Three diagnosed students released with clean bill of health
THE SANTA CLARA
February 11, 2016
More than half of the undergraduate student population swiftly mobilized to receive meningitis vaccines after an outbreak of the bacteria that causes meningococcal infections rattled campus.
A total of 4,923 doses of a meningococcal B vaccine called Bexsero® were administered to students at four on-campus vaccination clinics, according to a Feb. 9 university press release.
“The short amount of time—less than 48 hours—between the confirmation of the outbreak and the start of mass vaccination clinics set a national record for this disease,” said Santa Clara County Health Officer Dr. Sara Cody in a Feb. 9 Santa Clara County Health Department press release. “I am very proud and grateful to think of the talent, dedication and sheer grit required to make these clinics happen.”
The Center for Disease Control recommends that the Bexsero® vaccine should be administered in two doses at least one month apart. The university is planning to hold on-campus vaccination clinics to give out the second dose.
“In the coming weeks, we will reach out to all students who received the first dose of the vaccine at the (Santa Clara University) clinics and provide information about receiving the second dose of the vaccine,” a Feb. 9 university press release stated.
Students lined up to receive the vaccine after three students fell ill on Sunday, Jan. 31 after being infected with the serogroup B strain of the bacteria that causes meningitis, according to a Feb. 9 Santa Clara County Public Health Department press release.
“Two of the ill students developed meningitis as a result of the bacterial infection, while a third developed septicemia (a blood infection),” the health department press release stated.
All three students have been discharged from the hospital in good condition, the health department press release stated.
Using federal funds, the California Department of Public Health provided approximately 5,000 doses of the Meningitis B vaccine to Santa Clara students for free. They will provide an additional 5,000 shots for students next month.
Many students waited in a colossal line for upwards of three hours on Feb. 4 and Feb. 5 to receive the first dose of the vaccine.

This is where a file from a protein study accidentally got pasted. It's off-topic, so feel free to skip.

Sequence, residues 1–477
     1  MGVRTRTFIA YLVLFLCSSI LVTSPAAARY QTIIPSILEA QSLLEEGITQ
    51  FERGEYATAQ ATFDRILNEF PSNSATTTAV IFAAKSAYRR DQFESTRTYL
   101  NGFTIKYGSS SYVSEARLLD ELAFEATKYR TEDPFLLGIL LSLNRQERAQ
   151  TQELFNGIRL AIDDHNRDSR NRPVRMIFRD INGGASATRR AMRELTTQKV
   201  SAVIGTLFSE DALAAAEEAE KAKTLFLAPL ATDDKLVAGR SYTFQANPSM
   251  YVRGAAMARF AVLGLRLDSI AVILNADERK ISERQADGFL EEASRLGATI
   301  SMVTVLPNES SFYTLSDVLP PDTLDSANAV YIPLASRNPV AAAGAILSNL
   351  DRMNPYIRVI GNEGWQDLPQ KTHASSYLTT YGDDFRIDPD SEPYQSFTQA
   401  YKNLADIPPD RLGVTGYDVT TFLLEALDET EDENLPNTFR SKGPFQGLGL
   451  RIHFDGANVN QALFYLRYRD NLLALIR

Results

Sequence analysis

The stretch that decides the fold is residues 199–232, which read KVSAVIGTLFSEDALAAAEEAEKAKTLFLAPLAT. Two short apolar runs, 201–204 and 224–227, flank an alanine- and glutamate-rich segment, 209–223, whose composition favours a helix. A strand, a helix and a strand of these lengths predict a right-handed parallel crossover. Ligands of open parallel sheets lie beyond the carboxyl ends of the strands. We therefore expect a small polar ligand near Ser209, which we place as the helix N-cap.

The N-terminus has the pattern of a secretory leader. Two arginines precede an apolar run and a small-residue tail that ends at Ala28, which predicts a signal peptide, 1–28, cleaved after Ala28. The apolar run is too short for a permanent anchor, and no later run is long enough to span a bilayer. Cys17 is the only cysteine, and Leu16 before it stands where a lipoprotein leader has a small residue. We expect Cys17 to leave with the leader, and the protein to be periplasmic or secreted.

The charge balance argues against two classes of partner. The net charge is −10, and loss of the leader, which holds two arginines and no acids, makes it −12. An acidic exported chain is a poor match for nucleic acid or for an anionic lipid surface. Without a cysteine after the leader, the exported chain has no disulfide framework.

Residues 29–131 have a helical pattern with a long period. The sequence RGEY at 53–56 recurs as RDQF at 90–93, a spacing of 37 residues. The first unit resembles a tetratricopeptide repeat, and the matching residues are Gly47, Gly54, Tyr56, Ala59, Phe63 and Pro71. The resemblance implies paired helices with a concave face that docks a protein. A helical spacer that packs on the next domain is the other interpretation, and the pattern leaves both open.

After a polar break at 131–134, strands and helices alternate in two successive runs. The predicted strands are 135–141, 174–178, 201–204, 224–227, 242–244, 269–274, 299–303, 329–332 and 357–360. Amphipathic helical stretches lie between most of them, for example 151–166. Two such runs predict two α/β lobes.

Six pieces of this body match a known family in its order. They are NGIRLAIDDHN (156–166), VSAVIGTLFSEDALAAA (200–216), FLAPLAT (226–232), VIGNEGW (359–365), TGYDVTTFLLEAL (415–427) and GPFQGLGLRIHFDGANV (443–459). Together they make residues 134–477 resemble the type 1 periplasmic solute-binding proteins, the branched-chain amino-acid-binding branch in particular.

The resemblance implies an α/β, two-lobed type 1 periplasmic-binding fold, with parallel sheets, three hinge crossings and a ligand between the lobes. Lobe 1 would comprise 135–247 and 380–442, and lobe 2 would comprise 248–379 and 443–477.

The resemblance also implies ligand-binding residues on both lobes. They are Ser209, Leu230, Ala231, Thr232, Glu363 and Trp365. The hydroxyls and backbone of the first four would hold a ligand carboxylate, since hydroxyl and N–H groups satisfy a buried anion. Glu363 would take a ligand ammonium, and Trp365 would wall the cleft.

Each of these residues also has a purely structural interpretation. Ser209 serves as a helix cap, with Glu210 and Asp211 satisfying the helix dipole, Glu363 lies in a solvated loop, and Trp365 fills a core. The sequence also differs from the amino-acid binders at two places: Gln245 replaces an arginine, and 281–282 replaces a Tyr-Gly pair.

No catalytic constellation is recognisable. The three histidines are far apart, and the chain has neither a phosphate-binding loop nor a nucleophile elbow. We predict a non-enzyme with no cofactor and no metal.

Ironically, there was little to no wait for the much smaller vaccine clinics held on Feb. 6 and Feb. 8. The university is taking steps to prevent students from spending several hours waiting for the shot the second time around.
“To help alleviate wait times, students will be able to schedule appointments via an online registration system,” the university press release stated.
The cost of purchasing 10,000 vaccines should total roughly $800,000, since the health department press release indicated that the retail cost of each dose of the vaccine is usually $160.
If students can’t get vaccinated on campus, they have the option of getting the Meningitis B shot at 17 CVS pharmacy locations in Santa Clara county, according to a Feb. 10 CVS Health press release.
The two closest CVS pharmacies to campus are located at 3081 Stevens Creek Blvd, Santa Clara, and 821 The Alameda, San Jose. Students should bring their health insurance cards with them if they would like to get vaccinated.
CVS pharmacies in cities including San Jose, Palo Alto, Menlo Park, Mountain View, Sunnyvale and Campbell are also offering the vaccines in response to the outbreak, and will have the second round of booster vaccines available in the coming weeks.
According to the press release, all CVS Pharmacies in California can order the Meningitis B vaccine upon request and have it available the next day.
The cost of the vaccine will depend on the student’s health insurance plan and which of the two Meningitis B vaccines are administered, according to Brent Burkhardt, a spokesperson for TBC U.S.
Contact Sophie Mattson at firstname.lastname@example.org or call (408) 554-4849.